Outpatient Antibiotic Stewardship Initiative

 
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Nationally, studies have shown that up to 50 percent of antibiotic use is inappropriate.

Launched in February 2016, the Outpatient Antibiotic Stewardship Initiative is a United Hospital Fund-led effort involving hospitals across the metropolitan area working together to improve antibiotic-prescribing practices in the community.

Nine New York hospitals and health systems are participating, eight of whom are receiving an aggregate $310,180 in UHF grant support. The participants are also bringing additional institutional resources to bear on the challenge of developing and implementing successful approaches to antibiotic stewardship.

Those participating include Interfaith Medical Center, MediSys Health Network, Memorial Sloan Kettering Cancer Center, Montefiore Medical Center, Mount Sinai Health System, NewYork-Presbyterian/Queens, Northwell Health, NYU Langone Medical Center, and Wyckoff Heights Medical Center.

The initiative aims to identify the factors that drive outpatient antibiotic-prescribing practices and to develop interventions to improve the appropriateness of prescription decisions. UHF is working with a group of 31 hospital outpatient sites—two to five sites per participating hospital or health system—to analyze prescribing practices for adult patients with acute respiratory infections (given national data suggesting over-prescription and misuse of antibiotics for those conditions and New York data showing significant variation across the state). UHF is creating the structure for the initiative and leading learning sessions and webinars, as well as providing technical assistance and access to content experts.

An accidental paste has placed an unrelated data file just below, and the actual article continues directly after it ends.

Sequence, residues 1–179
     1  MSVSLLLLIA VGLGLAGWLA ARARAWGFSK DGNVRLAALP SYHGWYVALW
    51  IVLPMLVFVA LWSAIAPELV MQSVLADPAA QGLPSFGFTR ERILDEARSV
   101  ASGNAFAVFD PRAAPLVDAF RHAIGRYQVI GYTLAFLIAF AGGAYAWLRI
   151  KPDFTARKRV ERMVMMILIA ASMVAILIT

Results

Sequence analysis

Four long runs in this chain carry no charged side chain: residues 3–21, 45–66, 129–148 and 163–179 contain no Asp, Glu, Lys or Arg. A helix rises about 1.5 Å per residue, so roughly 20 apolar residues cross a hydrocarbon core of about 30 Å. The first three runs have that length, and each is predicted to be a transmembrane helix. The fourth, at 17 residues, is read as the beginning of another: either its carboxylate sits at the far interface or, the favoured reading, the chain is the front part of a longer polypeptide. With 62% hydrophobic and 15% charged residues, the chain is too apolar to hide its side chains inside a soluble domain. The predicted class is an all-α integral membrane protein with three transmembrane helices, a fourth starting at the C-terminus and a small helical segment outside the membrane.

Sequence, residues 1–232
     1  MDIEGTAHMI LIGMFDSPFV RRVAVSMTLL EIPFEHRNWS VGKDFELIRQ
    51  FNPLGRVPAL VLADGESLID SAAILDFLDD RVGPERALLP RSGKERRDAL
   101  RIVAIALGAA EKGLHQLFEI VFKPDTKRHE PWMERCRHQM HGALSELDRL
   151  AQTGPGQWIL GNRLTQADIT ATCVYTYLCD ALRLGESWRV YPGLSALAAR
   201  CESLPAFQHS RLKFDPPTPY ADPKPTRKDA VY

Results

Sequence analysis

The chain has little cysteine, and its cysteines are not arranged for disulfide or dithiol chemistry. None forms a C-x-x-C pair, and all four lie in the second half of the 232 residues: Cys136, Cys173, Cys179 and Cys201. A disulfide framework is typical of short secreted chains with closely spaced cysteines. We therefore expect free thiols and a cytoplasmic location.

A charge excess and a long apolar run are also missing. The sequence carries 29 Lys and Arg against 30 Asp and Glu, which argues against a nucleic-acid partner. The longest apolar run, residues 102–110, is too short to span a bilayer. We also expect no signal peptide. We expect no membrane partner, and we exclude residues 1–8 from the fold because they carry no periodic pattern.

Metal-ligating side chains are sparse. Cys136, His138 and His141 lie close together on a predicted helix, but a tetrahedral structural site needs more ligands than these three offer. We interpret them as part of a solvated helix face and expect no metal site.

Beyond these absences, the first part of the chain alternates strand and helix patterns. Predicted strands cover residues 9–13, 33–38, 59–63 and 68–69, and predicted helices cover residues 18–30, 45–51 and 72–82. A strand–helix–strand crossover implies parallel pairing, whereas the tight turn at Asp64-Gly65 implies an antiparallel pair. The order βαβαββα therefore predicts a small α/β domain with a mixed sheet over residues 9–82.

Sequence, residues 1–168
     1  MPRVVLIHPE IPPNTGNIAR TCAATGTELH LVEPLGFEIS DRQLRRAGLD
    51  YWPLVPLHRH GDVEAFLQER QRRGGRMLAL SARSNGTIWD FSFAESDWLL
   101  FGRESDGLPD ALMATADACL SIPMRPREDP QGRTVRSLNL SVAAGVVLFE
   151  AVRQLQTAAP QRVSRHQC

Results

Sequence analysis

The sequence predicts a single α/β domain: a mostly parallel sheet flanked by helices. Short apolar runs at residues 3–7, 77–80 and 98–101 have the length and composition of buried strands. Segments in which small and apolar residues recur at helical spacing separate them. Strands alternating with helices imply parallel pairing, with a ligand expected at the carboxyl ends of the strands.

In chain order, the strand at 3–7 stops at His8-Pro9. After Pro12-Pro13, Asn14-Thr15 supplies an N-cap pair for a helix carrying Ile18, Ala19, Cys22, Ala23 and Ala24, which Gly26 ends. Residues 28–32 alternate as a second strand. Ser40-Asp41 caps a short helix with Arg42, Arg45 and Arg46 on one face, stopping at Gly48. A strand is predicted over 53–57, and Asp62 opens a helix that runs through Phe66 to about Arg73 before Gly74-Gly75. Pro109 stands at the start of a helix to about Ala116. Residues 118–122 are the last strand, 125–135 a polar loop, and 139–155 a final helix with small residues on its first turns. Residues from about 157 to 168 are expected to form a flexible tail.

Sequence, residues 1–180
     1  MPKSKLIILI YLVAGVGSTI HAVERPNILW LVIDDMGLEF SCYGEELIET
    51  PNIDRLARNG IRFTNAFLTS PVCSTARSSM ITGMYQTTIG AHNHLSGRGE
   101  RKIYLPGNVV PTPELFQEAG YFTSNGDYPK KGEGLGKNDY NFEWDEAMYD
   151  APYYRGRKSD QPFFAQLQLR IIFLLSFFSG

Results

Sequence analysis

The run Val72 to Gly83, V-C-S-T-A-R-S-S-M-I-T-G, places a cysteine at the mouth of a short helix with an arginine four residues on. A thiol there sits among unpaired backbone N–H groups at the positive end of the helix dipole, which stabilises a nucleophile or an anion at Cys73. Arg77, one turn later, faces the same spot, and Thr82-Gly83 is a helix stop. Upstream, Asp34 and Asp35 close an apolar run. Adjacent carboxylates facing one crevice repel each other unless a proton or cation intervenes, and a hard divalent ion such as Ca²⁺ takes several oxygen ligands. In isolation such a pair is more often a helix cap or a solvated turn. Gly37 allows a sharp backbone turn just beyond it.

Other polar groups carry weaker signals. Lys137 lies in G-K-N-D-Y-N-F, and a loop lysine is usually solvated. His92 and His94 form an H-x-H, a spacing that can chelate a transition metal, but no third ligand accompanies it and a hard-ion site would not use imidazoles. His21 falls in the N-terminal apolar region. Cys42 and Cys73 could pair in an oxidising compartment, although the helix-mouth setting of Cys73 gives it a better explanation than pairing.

An advisory group of infectious disease physicians, pharmacists, and outpatient clinicians will work with UHF to develop tools that the participating practices will use to conduct reviews of patient charts and key informant interviews of antibiotic-prescribing practices, as well as an assessment of current antibiotic stewardship practices implemented in outpatient settings. The data will then allow them to develop improvement plans, which they can use to pilot test, implement, and evaluate a proposed intervention. This work will be completed within a year.

This new initiative complements an existing initiative, the Antibiotic Stewardship Program, which was launched early in 2015 by co-leaders United Hospital Fund and Greater New York Hospital Association and has focused primarily on antibiotic stewardship in the inpatient setting. The initiative is also intended to complement the Get Smart: Know When Antibiotics Work program of the Centers for Disease Control and Prevention, as well as the New York State Department of Health’s efforts.

Nationally, over 250 million prescriptions for antibiotics are written each year (in all settings), and studies have shown that up to 50 percent of antibiotic use is inappropriate. In March 2015, the Obama administration announced its national action plan on the issue, demonstrating that antibiotic stewardship has become a top federal priority.

Contact: Deborah Halper